We Flagged: “The Computer is sufficient if you want to know your future without taking into account your soul. I don’t mean in the eternal sense, but in the worldly. The Computer can tell you if your genes are prone to carcinoma or if you might be six feet tall, but it cannot tell you if you will enjoy dancing or if you will prefer cake to pie. I would argue that the latter is more important in terms of a long and healthy relationship” (p. 254).
Read This If You Loved: Matched by Allie Condie; Delirium by Lauren Oliver; The Luxe by Anna Godbersen; The Selection by Kiera Cass
**Thank you to Kaari for reviewing this book!**
Author: Matt de la Peña
Illustrator: Loren Long
Published January 9th, 2018
Summary: From Newbery Medal-winning author Matt de la Peña and bestselling illustrator Loren Long comes a story about the strongest bond there is and the diverse and powerful ways it connects us all.
“In the beginning there is light
and two wide-eyed figures standing near the foot of your bed
and the sound of their voices is love.
A cab driver plays love softly on his radio
while you bounce in back with the bumps of the city
and everything smells new, and it smells like life.”
In this heartfelt celebration of love, Matt de la Peña and illustrator Loren Long depict the many ways we experience this universal bond, which carries us from the day we are born throughout the years of our childhood and beyond. With a lyrical text that’s soothing and inspiring, this tender tale is a needed comfort and a new classic that will resonate with readers of every age.
Kellee’s Review: I sat here for a long time trying to figure out how to put into words how I feel about this book. I just can’t, but I will try.
Let me give you some history. At ALAN in 2016, I believe, Matt was a speaker, and he shared how he’d written a poem about love to share with his daughter when the world didn’t seem so loving. Matt’s daughter is approximately Trent’s age and she’s his first just like Trent is, so I completely understood his feelings–the reality that we’ve brought children into this hard world. When Matt read his beautiful words, I cried. It was beautiful. At the end of the poem, he let us know it was going to be a book, and I had very high expectations.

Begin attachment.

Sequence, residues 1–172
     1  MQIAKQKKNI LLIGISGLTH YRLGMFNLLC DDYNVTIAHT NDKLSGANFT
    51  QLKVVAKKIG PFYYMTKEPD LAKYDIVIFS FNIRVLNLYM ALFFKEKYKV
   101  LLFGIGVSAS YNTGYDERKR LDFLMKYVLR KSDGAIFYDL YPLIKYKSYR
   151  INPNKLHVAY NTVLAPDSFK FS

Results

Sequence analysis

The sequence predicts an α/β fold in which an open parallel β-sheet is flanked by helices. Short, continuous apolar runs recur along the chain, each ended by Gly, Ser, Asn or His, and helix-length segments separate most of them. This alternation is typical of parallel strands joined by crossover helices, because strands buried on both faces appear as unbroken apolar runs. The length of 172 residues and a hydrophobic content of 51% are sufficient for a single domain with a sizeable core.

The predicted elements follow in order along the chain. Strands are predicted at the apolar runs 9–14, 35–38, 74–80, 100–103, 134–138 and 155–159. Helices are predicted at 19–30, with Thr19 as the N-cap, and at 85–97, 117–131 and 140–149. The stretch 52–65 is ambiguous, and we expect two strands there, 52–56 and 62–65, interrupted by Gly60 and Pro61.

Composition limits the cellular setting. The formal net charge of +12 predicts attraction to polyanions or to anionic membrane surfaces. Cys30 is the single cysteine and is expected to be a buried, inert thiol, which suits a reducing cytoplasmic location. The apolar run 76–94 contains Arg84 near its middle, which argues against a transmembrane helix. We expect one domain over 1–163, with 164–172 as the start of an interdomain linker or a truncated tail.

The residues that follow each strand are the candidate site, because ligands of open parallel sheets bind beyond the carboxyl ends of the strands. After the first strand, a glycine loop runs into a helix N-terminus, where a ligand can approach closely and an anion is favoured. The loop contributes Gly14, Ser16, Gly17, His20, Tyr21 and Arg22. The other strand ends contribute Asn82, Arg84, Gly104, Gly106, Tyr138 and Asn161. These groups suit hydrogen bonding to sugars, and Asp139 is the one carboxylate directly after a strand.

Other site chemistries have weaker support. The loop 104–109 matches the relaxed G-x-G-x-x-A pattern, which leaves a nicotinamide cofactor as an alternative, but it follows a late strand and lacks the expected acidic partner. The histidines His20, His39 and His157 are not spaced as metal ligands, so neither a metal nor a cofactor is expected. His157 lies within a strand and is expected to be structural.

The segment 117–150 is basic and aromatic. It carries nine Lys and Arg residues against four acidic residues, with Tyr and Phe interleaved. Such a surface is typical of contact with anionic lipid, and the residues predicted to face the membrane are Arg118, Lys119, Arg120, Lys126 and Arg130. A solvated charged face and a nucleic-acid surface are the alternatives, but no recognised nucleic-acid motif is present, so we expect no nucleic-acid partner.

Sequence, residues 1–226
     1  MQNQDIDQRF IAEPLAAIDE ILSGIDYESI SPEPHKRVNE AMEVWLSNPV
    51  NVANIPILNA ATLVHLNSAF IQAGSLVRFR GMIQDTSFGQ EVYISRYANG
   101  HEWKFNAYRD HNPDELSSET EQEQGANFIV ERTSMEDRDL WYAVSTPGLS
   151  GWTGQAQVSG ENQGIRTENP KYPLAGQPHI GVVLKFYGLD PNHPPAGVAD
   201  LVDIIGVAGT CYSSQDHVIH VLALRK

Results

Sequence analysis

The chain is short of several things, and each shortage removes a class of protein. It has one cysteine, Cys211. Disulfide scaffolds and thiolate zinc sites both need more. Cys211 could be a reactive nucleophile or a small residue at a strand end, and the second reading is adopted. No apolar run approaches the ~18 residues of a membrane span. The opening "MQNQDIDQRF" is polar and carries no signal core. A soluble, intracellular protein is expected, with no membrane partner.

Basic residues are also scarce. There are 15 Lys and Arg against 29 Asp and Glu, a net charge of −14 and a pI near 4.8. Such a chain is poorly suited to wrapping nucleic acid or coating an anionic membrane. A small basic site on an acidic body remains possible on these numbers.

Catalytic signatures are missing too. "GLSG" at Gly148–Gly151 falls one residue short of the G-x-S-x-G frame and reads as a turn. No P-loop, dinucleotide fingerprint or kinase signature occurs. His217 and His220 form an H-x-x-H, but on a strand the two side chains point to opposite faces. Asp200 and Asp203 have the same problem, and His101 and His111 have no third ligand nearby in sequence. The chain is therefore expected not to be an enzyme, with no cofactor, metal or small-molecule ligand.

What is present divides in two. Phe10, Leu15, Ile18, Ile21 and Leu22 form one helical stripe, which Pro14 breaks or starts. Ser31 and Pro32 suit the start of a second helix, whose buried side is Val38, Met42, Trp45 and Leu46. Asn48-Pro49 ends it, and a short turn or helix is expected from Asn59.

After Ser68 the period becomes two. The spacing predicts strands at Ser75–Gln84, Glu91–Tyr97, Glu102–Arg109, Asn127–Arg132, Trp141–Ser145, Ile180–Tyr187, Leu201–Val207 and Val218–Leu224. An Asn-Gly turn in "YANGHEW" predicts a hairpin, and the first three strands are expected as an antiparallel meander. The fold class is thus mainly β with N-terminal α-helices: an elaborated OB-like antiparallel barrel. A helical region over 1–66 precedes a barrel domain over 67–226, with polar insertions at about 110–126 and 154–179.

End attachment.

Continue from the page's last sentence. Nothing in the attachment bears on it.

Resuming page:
Then at NCTE 2017, I heard that Penguin had a finished copy. I thought that there was no way that the book could live up to what I expected. But then I read it. And I cried again. I, probably rudely, found Matt right away, maybe interrupting a conversation he was having with someone else, to tell him what a beautiful book he and Loren had created. Matt’s poem had been about love, but the book is about LOVE. Love in the sense that every one needs to start thinking about–love between every person. Empathy. Understanding. Tolerance. Unity. Love for all humans.
And as I read it over and over (after I was lucky enough to receive a copy), I couldn’t think of a kid I didn’t want to share it with. I wanted to share it with my son to talk about how much I love him and how he should love all of human kind; I wanted to share it with my friend who is a 2nd grade teacher, so she could share it with all of her students; I wanted to share it with my students, so we can discuss about the love and acceptance found in each spread and each word; and I am so happy to be sharing it here with all of you so that it can be in every person’s life.
Also, please read this amazing article by Matt de la Peña: “Why We Shouldn’t Shield Children from Darkness” from Time and Kate DiCamillo’s follow-up “Why Children’s Books Should Be a Little Bit Sad” where she answers a question de la Peña posed in his article as well as this Twitter thread from Sayantani DasGupta where she explores the need for joy in the darkeness! It truly embodies my parenting and teaching philosophy: that although kids are kids, they are also humans and future adults; life should be about being real and about happiness.